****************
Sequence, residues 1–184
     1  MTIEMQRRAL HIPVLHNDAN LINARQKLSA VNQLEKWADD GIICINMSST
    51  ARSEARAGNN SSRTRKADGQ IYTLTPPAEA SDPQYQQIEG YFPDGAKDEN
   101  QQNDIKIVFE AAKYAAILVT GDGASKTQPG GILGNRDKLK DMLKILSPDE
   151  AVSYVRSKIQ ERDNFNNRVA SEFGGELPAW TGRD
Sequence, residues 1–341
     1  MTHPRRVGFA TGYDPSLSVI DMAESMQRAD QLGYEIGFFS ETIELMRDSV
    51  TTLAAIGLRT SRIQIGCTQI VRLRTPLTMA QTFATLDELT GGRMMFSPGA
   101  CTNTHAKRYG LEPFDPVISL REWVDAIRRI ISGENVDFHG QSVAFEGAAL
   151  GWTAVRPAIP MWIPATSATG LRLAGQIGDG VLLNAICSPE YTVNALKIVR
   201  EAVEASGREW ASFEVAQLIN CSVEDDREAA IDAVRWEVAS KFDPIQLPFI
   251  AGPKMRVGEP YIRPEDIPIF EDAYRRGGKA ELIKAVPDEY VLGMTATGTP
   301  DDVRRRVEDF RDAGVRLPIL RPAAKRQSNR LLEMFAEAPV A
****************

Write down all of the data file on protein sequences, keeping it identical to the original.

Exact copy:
Sequence, residues 1–184
     1  MTIEMQRRAL HIPVLHNDAN LINARQKLSA VNQLEKWADD GIICINMSST
    51  ARSEARAGNN SSRTRKADGQ IYTLTPPAEA SDPQYQQIEG YFPDGAKDEN
   101  QQNDIKIVFE AAKYAAILVT GDGASKTQPG GILGNRDKLK DMLKILSPDE
   151  AVSYVRSKIQ ERDNFNNRVA SEFGGELPAW TGRD
Sequence, residues 1–341
     1  MTHPRRVGFA TGYDPSLSVI DMAESMQRAD QLGYEIGFFS ETIELMRDSV
    51  TTLAAIGLRT SRIQIGCTQI VRLRTPLTMA QTFATLDELT GGRMMFSPGA
   101  CTNTHAKRYG LEPFDPVISL REWVDAIRRI ISGENVDFHG QSVAFEGAAL
   151  GWTAVRPAIP MWIPATSATG LRLAGQIGDG VLLNAICSPE YTVNALKIVR
   201  EAVEASGREW ASFEVAQLIN CSVEDDREAA IDAVRWEVAS KFDPIQLPFI
   251  AGPKMRVGEP YIRPEDIPIF EDAYRRGGKA ELIKAVPDEY VLGMTATGTP
   301  DDVRRRVEDF RDAGVRLPIL RPAAKRQSNR LLEMFAEAPV A